South East's nature safer if we Remain in the EU

Keith Taylor MEP: The green spaces we know and love in the South East are better protected thanks to EU nature laws, and with one month to go to the referendum on EU membership (23 June) Keith Taylor MEP is today putting nature at the centre of the campaign to Remain in the European Union. 

Fifty-five places in the South East are recognised by the EU as special areas of conservation – including, the RSPB nature reserve at Dungeness, the Wildlife Trusts site at Cothill Fen in Oxford, the Solent and Isle of Wight Lagoons, the South Downs National Park and the New Forest.

These natural areas are protected as part of a Europe-wide network of rare habitats and species. The South Downs contains one of the finest yew forests in Europe and is home to a grove of some of Britain’s most ancient trees whilst Cothill Fen supports outstanding examples of rare calcareous fens, mire communities and wetland habitats. Rare and endangered birds such as bitterns, Acadian flycatchers, Dartford warblers and shovelers visit Dungeness Nature Reserve and New Forest. Creatures like the soldier fly Odontomyia angulata, the Southern Damselfly, and the pygmy footman moth thrive in the Cothill Fens and Dungeness Nature Reserve.

Keith Taylor, MEP for the South East, is raising awareness of the benefits of EU nature protection as well as EU standards on air pollution, water quality and the environment.

The Green MEP said:

“Most people don’t realise that these iconic green spaces in the South East have special status under EU law – this gives them an important extra level of protection against development.

Our region is home to rare species of birds, trees and bugs. It is incredibly important to protect endangered species at the international level – animals and habitats we take for granted locally are often rare in Europe – and the European Union is absolutely the best place to work together with our neighbours to do this.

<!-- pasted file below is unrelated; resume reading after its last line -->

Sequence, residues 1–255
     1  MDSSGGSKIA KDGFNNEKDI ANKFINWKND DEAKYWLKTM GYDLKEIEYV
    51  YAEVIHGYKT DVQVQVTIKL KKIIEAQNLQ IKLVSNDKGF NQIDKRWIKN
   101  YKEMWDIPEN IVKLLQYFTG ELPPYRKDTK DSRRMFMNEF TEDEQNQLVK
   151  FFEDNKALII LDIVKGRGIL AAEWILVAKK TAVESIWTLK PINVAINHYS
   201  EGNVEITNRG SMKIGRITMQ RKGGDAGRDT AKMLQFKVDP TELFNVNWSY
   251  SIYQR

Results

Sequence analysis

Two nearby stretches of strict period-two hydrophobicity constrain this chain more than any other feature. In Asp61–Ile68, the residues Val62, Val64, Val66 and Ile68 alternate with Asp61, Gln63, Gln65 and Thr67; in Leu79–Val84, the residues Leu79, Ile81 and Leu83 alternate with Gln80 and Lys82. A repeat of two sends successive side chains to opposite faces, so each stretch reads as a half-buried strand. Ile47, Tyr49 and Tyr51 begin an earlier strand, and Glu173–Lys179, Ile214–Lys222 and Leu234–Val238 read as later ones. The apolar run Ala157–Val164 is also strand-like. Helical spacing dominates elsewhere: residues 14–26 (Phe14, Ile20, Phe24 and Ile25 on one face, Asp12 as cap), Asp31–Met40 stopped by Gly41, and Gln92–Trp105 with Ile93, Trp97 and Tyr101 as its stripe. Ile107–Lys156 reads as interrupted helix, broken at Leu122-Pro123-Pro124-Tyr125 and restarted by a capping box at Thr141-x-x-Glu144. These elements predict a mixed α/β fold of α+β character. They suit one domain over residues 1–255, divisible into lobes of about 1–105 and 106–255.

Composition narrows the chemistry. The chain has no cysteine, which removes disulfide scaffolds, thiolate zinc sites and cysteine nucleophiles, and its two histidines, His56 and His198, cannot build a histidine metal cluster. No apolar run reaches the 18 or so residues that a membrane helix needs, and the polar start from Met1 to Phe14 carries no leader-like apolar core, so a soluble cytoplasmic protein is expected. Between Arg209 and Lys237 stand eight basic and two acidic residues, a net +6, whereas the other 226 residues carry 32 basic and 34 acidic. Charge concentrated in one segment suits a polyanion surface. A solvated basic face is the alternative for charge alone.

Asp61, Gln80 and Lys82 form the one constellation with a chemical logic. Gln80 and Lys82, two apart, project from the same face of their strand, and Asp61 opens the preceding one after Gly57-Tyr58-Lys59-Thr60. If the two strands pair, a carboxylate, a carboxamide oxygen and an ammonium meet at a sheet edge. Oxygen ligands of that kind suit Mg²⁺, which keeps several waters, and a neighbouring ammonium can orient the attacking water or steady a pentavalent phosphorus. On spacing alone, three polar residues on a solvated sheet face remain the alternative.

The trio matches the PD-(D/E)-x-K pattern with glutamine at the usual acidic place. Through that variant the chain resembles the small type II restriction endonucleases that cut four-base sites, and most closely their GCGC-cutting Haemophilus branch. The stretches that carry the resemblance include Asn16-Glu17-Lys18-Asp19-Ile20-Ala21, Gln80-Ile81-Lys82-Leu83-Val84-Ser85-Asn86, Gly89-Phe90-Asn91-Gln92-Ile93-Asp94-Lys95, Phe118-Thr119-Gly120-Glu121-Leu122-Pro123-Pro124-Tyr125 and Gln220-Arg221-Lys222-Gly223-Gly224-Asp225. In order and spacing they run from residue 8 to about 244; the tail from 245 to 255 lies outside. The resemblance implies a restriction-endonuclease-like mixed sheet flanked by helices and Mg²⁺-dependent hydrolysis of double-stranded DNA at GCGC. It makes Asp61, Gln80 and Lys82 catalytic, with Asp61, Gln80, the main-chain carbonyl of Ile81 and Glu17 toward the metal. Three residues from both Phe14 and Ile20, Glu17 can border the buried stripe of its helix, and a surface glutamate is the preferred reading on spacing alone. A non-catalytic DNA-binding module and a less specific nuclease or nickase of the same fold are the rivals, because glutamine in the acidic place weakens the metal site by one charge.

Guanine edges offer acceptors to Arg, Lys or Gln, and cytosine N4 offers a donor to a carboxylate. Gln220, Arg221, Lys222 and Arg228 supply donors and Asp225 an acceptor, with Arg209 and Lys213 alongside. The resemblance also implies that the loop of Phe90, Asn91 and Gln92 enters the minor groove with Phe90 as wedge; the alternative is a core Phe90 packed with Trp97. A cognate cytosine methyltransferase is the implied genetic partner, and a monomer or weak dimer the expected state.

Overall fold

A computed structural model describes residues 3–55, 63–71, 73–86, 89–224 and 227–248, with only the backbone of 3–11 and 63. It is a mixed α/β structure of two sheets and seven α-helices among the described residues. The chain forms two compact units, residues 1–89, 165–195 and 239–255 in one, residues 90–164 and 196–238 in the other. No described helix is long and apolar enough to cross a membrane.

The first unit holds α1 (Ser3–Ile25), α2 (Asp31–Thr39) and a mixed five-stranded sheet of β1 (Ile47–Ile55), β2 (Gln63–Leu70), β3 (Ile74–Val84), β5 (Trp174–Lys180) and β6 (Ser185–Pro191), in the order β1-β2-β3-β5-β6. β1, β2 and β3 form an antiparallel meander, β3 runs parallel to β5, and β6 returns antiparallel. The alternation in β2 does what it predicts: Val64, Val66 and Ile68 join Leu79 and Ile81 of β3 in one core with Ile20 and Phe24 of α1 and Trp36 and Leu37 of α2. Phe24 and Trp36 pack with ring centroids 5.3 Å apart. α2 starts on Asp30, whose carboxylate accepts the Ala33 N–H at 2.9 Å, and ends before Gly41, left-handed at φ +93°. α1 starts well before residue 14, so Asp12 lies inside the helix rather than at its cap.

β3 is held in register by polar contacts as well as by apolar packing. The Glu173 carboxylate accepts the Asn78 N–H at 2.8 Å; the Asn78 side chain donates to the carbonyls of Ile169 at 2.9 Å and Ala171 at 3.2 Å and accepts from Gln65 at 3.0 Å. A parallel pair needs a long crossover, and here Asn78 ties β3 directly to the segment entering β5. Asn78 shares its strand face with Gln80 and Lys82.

The EU status is an important additional safeguard to help make sure these places stay as nature intended, and we can all continue to enjoy them.

For our local environment, and also for cross-border challenges like air pollution and climate change, we are Greener In the European Union and it is vital we vote to Remain on 23rd June.”

There are a total of 270 sites in the UK which are part of the Europe-wide ‘Natura 2000’ network of protected areas. Nearly 11,000 square miles of Britain’s most precious wildlife sites are protected by this status, including iconic green spaces like Dartmoor, the North York Moors, Lindisfarne, the Cairngorms and the Severn Estuary. The ‘Greens for a Better Europe’ campaign is also drawing attention to the importance of EU action on environmental challenges like air pollution, climate change and cleaning up rivers and oceans. Thanks to EU rules the Thames and other rivers have been cleaned up. The EU is taking action against the UK government for failing to tackle air pollution in the South East.

Earlier this month, Keith Taylor visited RSPB Dungeness and the Wildlife Trust sites in Berks, Bucks and Oxon to speak to highlight the importance of EU nature protections.

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